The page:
A few of my PA SHPO colleagues and I traveled to Washington, D.C. in March to join State Historic Preservation Offices and other preservationists from around the country at National Historic Preservation Advocacy Week.
One of the many roles for all State Historic Preservation Offices (SHPOs), including Pennsylvania’s, outlined in the National Historic Preservation Act (NHPA) is to advise, assist, and consult on the review of federally assisted projects that have the potential to affect historic properties. … Continue reading →
It was ten years ago, almost to the day, that I participated in a series of scoping field views for the Pennsylvania Department of Transportation (PennDOT) that involved a brilliant idea to address the needs of two seemingly separate projects.
Picture yourself – lounging poolside, lakeside, or on the beach – with your tablet or smart phone (or even good old-fashioned paper) enjoying the hottest summer publication that hasn’t yet made the New York Times bestseller list: #preservationhappenshere, Pennsylvania’s next statewide historic preservation … Continue reading →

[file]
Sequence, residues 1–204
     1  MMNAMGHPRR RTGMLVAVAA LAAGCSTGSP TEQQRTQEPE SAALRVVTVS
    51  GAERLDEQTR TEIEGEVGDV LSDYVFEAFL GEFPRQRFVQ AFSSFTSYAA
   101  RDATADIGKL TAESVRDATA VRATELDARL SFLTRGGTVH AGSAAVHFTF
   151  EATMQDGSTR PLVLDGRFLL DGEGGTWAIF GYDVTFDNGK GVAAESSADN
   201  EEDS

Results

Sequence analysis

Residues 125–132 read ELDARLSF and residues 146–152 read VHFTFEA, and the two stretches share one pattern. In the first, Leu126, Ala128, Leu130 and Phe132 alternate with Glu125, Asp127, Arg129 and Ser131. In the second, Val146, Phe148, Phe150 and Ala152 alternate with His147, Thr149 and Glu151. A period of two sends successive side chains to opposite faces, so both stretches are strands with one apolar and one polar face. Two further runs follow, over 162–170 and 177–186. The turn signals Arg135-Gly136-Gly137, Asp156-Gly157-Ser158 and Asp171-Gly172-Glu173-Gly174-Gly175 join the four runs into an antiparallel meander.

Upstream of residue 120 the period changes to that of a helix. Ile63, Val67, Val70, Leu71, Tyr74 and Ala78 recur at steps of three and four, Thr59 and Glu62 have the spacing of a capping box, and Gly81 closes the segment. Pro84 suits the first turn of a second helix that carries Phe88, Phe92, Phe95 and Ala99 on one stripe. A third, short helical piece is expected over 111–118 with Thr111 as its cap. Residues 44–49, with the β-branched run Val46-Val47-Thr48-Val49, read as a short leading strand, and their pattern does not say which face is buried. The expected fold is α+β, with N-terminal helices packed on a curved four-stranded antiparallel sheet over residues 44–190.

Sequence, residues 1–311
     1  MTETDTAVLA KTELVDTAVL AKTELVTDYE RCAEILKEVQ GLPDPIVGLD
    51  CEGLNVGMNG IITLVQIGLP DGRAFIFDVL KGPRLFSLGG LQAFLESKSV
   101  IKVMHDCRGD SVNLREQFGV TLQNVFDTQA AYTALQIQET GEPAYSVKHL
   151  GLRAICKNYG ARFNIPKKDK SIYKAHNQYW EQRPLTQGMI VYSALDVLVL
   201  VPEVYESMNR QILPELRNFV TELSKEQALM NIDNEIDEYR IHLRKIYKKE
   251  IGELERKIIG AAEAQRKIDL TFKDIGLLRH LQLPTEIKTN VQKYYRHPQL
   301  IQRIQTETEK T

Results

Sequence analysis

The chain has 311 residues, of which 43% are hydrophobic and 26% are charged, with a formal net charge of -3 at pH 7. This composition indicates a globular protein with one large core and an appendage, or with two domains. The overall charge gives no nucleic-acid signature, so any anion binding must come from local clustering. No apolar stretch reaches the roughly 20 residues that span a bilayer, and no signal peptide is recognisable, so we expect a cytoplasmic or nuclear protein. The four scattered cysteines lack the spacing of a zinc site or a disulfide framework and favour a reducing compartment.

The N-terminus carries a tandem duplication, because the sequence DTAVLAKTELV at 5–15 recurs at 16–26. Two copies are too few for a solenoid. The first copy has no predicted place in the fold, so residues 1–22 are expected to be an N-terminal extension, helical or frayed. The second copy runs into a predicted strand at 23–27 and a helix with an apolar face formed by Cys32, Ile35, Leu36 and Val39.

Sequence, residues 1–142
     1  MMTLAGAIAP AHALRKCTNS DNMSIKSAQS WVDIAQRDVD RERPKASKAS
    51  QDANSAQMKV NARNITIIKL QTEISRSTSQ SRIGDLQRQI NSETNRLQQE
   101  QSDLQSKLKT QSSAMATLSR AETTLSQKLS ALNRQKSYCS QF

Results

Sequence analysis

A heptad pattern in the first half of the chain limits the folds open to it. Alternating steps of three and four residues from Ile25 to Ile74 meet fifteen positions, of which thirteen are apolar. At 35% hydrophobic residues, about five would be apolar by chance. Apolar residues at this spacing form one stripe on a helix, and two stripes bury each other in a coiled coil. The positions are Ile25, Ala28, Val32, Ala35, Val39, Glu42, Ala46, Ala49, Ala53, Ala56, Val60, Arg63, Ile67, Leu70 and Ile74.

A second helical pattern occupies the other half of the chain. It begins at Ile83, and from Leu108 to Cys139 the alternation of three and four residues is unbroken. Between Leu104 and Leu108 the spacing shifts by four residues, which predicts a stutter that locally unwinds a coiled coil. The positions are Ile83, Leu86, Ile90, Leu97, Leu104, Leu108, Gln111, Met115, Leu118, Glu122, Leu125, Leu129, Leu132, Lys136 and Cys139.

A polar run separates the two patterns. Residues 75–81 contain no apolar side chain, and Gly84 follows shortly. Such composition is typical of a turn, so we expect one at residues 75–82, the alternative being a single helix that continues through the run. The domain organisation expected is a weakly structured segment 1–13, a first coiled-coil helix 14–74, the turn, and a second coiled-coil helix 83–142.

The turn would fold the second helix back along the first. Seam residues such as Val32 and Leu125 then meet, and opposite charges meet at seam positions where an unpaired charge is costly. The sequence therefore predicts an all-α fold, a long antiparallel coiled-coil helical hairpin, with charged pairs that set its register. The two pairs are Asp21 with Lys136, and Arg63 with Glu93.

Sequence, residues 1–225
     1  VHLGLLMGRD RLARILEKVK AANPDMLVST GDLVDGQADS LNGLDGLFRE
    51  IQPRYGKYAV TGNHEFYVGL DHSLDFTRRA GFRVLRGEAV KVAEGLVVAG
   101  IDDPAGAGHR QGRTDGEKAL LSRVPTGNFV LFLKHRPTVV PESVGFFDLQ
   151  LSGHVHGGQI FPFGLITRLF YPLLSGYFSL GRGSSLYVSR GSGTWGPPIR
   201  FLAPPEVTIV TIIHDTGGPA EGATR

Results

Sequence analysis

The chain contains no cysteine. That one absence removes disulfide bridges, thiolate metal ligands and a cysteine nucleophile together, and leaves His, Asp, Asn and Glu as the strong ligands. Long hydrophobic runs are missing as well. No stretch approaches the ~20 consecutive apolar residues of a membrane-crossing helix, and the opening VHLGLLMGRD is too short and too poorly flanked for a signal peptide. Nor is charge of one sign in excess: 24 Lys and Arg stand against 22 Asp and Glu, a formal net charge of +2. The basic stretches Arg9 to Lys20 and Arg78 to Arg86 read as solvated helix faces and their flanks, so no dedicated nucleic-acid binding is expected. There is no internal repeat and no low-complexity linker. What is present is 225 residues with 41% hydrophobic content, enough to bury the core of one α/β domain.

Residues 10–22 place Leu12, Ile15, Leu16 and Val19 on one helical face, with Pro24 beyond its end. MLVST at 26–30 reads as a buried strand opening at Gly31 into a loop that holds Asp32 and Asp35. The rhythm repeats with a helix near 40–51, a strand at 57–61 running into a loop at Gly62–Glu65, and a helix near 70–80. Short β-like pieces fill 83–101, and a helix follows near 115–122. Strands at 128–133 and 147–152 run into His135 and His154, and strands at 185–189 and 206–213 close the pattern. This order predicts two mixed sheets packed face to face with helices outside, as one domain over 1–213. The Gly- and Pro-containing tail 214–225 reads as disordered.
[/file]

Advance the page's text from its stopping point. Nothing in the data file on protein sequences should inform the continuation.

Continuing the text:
It may be the time of year when we all joke around and partake in fun pranks to celebrate April Fools Day, but we’re not joking when we say that your life is about to get easier. Why? Electronic submissions … Continue reading →
Archaeologists are always on the ready for the next mythical idea of what we are and what we do. We don’t dig dinosaurs or find buried treasure (at least the kind that entails riches untold). We don’t all work in … Continue reading →
In the previous Marketing Archaeology blog post, we introduced you to the National Register of Historic Places (NRHP)-eligible Armstrong Site and the associated current Pennsylvania Turnpike Commission (PTC) road reconstruction and widening project .
Wherever you travel in Pennsylvania, you are likely to cross a historic bridge. These bridges are an important part of the cultural landscape and a link to Pennsylvania’s transportation and engineering history. Eventually these bridges need some level of work … Continue reading →